Produce- export expert, Godwin Okoh, on Tuesday lamented that the Nigerian produce export market has now become seriously unattractive to investors.
Mr. Okoh, who is the Managing Director of OG2TECH Consult and Investment Ltd., and the Trade Facilitator for the National Cashew Association of Nigeria (NCAN), stated this in Lagos, describing the export market as genuinely unfriendly.
Speaking against the backdrop of the nation’s produce lacklustre performance in the international market, Okoh further noted that the produce space had, as a result, further burdened and deprived Nigerians of both quality prospects and investment capital.
“For many reasons which are very common to our country, the foreigners still account for 80 per cent of the nation’s export related transactions giving rise to capital flight.
“The challenges require a multi-sectoral approach and the present insecurity in the country still poses a great danger to some of us, as most exports are largely in the primary form which can only be sourced from the farm gates, or in the rural areas, proned to activities of terrorists.
“The produce Nigeria have comparative edge in the international market are sesame seed, raw cashew, soya bean, ginger, garlic and coco bean, but their economics of scale are still lacking in the domestic economy.
“The Nigerian produce exporter is like an orphan in the scheme of things in the international market for lack of knowledge of the trend and unsupportive situation in the country,’’ he said.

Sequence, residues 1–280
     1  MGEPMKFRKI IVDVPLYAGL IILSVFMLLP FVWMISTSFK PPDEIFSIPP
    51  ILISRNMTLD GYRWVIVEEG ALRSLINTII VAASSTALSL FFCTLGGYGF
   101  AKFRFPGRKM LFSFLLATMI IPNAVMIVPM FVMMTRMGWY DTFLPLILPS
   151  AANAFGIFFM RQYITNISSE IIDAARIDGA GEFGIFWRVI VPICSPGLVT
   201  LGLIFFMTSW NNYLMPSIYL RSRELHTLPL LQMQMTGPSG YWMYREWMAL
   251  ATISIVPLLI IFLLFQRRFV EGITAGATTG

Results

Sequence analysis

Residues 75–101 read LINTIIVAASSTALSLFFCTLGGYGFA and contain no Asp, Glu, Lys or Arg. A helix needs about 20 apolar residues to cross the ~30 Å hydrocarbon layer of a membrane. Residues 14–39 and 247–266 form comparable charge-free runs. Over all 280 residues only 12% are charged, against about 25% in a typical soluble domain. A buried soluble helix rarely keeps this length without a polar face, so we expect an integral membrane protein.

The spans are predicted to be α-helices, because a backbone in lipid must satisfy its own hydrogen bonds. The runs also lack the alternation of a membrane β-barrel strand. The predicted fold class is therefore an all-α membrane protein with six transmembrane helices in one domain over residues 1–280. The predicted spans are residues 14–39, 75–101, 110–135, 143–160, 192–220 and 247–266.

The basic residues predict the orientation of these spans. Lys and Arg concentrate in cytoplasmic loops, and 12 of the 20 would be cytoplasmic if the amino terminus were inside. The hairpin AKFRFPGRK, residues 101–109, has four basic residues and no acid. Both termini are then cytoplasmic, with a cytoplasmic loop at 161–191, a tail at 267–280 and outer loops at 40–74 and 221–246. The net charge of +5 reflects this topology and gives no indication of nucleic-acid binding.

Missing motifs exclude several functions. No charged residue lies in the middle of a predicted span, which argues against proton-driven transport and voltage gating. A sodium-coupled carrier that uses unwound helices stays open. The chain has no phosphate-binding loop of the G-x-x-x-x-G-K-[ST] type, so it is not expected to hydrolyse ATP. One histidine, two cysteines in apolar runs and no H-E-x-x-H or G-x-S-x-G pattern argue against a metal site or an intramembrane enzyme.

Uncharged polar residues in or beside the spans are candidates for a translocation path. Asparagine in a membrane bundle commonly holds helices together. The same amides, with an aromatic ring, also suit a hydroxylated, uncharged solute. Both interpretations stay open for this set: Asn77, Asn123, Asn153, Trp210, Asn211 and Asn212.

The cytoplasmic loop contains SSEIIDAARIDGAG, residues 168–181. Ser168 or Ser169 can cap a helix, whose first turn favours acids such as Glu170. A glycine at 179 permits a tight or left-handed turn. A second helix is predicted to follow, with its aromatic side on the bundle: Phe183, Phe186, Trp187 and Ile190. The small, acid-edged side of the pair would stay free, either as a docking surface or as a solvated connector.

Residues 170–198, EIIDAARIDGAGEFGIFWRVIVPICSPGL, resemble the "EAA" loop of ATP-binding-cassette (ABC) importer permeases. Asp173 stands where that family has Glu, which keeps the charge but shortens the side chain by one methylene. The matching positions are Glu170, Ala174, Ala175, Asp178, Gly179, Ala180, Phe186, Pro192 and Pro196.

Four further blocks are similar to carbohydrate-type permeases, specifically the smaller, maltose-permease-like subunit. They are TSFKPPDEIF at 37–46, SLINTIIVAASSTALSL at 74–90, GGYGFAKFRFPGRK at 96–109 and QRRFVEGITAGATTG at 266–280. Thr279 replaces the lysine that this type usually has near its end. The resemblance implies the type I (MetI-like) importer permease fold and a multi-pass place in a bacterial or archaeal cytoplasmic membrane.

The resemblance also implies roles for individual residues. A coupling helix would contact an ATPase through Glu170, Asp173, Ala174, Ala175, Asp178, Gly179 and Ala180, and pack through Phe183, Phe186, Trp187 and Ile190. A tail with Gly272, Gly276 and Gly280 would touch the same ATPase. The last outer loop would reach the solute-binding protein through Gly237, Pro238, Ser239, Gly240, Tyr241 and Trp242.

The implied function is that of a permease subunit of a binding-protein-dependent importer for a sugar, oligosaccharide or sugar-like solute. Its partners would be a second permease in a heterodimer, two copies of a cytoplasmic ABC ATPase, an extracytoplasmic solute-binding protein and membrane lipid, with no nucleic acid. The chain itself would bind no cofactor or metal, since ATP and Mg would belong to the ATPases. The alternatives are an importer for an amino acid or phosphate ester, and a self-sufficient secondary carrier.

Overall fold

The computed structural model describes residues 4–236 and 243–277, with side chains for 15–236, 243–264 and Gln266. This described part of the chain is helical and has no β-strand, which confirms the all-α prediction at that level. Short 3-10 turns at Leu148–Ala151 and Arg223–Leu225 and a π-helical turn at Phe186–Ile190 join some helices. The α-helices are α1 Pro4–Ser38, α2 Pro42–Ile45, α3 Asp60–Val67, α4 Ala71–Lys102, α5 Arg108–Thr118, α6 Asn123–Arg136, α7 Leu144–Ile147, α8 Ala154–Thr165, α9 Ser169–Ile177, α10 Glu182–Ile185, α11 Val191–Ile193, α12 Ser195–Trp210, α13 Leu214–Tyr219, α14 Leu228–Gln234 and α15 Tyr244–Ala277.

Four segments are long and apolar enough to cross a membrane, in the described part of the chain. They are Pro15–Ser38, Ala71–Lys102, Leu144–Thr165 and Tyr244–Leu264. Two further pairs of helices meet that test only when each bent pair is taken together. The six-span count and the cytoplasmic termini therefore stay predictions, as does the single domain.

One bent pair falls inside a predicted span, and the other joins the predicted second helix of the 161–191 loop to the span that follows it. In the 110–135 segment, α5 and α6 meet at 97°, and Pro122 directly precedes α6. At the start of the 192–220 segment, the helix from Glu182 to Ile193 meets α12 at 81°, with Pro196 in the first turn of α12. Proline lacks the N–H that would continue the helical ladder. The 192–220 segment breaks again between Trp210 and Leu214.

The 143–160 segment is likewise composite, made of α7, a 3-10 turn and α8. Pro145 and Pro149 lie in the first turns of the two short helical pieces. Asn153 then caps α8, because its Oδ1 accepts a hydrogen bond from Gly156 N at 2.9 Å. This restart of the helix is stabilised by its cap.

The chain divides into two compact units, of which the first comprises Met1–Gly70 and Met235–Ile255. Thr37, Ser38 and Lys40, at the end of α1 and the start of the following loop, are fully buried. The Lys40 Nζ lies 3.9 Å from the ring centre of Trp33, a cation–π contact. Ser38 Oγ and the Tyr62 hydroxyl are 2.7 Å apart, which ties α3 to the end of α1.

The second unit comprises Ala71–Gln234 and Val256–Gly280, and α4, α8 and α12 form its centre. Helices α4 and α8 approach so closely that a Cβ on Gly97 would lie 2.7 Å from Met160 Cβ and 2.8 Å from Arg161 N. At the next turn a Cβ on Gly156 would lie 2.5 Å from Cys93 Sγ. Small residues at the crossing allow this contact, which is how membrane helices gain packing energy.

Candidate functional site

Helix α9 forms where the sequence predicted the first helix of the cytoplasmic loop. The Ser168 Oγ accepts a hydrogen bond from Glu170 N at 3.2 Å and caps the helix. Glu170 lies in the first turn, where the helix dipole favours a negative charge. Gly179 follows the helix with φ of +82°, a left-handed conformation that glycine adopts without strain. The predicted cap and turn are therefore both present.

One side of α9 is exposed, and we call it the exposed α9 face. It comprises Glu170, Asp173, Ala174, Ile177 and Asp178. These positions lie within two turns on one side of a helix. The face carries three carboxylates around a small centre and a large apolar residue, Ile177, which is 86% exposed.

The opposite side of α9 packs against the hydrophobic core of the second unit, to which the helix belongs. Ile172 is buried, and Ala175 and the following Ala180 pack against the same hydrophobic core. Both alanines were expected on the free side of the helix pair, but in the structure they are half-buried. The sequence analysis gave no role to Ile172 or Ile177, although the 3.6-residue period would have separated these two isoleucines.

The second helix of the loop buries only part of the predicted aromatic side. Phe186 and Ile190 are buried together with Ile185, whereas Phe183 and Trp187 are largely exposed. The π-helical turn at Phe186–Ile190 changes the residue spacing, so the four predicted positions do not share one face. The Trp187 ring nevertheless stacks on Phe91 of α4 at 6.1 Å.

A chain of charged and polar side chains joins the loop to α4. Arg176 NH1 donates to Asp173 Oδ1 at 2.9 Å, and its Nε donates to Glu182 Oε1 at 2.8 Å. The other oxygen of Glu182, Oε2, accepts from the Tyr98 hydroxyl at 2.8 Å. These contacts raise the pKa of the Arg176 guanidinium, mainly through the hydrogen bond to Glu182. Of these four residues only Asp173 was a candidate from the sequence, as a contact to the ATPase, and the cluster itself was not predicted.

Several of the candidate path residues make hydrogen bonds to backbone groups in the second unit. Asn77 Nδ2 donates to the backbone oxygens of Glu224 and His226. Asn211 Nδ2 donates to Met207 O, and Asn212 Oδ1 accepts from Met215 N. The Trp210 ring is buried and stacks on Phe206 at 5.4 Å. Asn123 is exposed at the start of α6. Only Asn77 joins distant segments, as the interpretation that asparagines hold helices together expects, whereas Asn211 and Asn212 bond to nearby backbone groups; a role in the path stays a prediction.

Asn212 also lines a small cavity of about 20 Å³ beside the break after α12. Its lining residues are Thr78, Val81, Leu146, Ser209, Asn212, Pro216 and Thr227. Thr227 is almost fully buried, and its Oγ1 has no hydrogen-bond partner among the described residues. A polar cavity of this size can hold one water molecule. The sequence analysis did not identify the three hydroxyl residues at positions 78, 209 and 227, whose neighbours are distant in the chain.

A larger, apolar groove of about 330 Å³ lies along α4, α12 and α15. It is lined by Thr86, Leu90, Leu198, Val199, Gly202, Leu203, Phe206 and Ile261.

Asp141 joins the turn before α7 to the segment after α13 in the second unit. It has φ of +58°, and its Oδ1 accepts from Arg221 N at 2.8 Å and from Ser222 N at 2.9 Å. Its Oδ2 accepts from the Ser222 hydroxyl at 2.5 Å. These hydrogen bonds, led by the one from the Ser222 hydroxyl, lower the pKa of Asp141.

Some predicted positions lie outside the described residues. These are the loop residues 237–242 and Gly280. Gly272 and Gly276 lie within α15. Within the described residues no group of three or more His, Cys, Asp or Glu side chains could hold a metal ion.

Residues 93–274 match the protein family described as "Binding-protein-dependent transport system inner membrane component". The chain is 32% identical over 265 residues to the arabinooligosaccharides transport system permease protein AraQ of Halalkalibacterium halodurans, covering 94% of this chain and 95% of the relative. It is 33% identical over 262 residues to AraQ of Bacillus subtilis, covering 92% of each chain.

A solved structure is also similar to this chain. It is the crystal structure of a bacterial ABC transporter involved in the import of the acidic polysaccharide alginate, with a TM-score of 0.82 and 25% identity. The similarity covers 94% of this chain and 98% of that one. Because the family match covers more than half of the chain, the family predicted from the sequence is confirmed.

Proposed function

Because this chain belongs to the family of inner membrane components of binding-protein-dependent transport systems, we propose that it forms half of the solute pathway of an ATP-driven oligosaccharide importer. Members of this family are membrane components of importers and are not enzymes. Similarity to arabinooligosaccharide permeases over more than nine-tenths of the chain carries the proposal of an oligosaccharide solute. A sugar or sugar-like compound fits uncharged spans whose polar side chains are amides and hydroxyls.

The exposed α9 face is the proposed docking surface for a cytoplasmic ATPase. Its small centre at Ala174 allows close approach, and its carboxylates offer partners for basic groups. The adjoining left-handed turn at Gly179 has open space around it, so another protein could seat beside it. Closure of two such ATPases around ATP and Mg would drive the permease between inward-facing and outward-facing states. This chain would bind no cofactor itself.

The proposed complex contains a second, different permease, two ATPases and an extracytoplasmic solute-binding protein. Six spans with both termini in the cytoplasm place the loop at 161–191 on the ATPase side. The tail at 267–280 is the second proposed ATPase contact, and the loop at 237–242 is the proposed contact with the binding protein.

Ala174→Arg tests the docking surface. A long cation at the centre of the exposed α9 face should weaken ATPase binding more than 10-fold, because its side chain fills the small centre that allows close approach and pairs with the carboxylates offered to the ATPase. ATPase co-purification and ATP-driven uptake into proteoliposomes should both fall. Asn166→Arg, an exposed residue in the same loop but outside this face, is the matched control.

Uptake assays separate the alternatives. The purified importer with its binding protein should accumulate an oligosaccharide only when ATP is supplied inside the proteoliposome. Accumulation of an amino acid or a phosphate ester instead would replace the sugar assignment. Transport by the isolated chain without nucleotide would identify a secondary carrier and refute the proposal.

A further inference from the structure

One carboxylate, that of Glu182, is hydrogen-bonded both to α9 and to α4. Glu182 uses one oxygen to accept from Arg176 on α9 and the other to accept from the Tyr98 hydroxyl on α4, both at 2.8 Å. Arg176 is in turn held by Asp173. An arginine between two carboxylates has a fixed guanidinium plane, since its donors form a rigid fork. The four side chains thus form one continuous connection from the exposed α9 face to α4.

Okoh grieved that the lack of infrastructural development, especially the rail system was badly affecting the international trade.
He expressed optimism that the quick completion of the ongoing rail projects in the country would help in bringing down cost of doing business.
He expressed regret that export financing by banks was largely not there because the banks do not understand the dynamics of the export market like they did for import.
According to him, OG2TECH is therefore willing to partner with both the state governments and relevant agencies in the area of capacity building because market information is key and ‘a must have’.
“For the industry to grow, we need to know the dynamics of the global trade and trend to gainfully participate in it.’’
It would be recalled that the Nigerian yam tubers and beans recently suffered rejection in some foreign markets, resulting in untold pains for exporters and image loss for the country.